M2M applications development is traditionally a bespoke endeavour, but there are increasing signs of the next phase - the emergence of Application Enablement Platforms. Ian Scales reports.
According to ABI, which has just completed a study on the area
, the next logical step for the US$1.7 Billion M2M software market, is for applications developers to increasingly outsource core functionality. In other words, to avoid rebuilding the core features and functionality each time a new project is undertaken it seems logical to abstract and re-use solutions
Says ABI: "Cellular M2M application development has traditionally been a complex, costly, and time-consuming endeavor. Typically, developers create their applications from start to finish as entirely custom projects. However, across different applications and verticals, there is actually much commonality of requirements in terms of core features and functionality.
For example, how to model an object in the application, how to create rules and alerts, and how to provide security mechanisms are all features that span the M2M market.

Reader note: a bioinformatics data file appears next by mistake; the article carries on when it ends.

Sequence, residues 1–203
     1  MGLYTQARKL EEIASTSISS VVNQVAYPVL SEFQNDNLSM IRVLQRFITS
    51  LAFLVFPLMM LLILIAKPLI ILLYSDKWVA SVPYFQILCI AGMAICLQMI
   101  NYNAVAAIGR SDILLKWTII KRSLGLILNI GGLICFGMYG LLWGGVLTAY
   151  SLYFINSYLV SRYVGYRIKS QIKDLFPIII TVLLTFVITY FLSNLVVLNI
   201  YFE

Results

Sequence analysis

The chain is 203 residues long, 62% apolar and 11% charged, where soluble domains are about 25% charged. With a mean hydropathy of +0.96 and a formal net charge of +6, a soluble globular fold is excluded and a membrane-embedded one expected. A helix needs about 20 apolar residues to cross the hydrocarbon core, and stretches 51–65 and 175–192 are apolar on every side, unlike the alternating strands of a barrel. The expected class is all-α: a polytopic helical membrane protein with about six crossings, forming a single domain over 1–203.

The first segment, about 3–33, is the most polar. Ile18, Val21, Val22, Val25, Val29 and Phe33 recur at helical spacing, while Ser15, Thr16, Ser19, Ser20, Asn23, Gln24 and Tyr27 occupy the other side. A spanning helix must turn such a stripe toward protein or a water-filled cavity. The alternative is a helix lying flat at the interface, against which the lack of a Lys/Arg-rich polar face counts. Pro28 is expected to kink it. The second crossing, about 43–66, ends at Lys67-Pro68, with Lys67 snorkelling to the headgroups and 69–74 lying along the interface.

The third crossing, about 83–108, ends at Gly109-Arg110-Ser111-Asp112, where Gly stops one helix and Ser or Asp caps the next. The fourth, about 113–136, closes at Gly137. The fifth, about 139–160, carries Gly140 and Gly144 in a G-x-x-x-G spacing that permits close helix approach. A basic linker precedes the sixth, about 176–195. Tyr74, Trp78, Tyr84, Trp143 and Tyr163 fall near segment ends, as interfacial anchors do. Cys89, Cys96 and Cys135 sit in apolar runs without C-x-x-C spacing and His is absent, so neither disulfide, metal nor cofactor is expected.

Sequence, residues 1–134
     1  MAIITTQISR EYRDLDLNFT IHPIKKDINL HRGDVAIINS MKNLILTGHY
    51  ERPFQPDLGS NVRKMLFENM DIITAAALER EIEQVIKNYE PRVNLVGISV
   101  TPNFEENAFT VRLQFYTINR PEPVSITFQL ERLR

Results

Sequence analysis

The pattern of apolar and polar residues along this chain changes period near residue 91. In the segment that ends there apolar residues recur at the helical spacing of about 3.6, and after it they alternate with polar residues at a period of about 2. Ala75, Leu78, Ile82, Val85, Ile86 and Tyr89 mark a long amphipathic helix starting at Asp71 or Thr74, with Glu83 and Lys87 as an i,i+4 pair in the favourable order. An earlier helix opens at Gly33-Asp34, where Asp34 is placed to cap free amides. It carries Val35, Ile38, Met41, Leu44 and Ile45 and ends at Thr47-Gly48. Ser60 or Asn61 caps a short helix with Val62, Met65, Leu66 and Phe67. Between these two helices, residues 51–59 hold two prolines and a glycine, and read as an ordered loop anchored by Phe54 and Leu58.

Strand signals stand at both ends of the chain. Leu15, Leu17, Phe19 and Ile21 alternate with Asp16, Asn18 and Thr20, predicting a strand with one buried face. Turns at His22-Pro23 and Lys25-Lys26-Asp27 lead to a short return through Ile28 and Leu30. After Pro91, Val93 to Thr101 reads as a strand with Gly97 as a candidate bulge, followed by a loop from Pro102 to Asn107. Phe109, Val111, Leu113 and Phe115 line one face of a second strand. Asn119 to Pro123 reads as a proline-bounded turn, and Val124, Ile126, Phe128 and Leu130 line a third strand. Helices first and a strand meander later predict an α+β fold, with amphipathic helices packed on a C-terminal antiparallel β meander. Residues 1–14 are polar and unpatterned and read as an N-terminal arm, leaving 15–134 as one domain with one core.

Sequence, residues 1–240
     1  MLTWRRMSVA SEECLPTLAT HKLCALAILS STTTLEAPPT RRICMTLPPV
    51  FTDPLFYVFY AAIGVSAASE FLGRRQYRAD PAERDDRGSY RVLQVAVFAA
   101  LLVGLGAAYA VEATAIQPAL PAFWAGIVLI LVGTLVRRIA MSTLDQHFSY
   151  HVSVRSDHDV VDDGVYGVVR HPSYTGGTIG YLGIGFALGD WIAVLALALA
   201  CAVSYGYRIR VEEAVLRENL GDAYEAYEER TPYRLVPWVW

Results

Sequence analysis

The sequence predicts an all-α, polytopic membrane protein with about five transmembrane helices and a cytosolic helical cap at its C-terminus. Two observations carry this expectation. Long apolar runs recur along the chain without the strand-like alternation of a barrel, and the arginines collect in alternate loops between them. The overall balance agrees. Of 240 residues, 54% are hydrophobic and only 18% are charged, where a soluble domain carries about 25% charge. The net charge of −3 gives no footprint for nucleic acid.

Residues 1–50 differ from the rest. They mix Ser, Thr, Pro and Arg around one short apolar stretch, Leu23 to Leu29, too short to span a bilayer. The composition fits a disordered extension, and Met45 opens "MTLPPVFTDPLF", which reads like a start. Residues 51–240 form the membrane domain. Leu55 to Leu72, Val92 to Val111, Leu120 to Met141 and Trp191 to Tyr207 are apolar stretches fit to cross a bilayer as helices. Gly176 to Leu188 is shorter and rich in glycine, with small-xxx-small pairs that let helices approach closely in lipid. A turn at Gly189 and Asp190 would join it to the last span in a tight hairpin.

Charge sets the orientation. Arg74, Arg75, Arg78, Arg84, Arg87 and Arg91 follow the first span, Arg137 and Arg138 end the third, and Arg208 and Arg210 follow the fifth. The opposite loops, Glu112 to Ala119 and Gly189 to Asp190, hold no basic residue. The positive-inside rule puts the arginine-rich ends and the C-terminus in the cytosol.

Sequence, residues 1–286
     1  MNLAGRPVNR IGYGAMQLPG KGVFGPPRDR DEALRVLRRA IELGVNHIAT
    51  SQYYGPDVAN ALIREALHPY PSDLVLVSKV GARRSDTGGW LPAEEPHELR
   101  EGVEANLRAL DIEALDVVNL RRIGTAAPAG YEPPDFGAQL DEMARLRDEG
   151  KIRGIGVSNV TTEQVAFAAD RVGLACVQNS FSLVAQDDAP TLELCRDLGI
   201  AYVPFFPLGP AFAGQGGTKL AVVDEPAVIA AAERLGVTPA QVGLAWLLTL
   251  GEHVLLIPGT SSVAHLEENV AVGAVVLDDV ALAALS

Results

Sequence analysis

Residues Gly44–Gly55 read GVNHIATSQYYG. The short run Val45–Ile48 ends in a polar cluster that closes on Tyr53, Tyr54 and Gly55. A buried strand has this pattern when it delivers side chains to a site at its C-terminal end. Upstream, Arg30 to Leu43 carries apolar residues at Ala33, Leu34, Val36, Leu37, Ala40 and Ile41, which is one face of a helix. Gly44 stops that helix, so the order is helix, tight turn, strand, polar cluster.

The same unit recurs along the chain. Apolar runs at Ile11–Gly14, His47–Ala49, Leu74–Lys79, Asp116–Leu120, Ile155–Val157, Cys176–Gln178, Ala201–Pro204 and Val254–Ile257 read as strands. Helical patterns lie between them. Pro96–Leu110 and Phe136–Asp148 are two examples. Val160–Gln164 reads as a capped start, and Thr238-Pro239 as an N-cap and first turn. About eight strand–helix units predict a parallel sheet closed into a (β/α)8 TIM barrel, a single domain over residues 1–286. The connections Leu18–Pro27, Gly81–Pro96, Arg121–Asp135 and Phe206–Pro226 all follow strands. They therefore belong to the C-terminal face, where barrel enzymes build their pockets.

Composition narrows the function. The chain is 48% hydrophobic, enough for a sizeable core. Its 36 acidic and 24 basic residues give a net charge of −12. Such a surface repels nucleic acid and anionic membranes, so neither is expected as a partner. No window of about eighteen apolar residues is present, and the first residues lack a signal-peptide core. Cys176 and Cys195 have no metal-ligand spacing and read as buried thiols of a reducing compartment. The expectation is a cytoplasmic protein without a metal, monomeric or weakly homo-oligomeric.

"Increasingly, third-party providers of what ABI Research calls Application Enablement Platforms (AEPs) – software designed to provide these core features for multiple M2M applications – are stepping up their efforts to abstract away much of the burden of application development."
ABI Research believes the AEP market will grow from about USD $169 million in 2011 to roughly $1.7 billion by 2017.
It currently counts over 30 companies currently active in this space, "ranging from “pure-play” providers like Axeda, ILS Technology, and ThingWorx, to M2M module and modem suppliers like Digi International, Sierra Wireless, Novatel Wireless, and Eurotech, to core network infrastructure providers like NSN and NEC," it says.
"ABI Research expects that as the M2M market becomes ever more mainstream, it is likely that large core network infrastructure and IT equipment vendors with deep pockets will start to “roll up” the smaller players in a natural process of consolidation."
So what do you think will happen? Is AEP an important way forward and, if you're a current or aspiring M2M provider or application user, do you expect it to play a big part in your M2M activity going forward?
Contribute to The Big M2M Conversation in the box below
please sign in to rate this article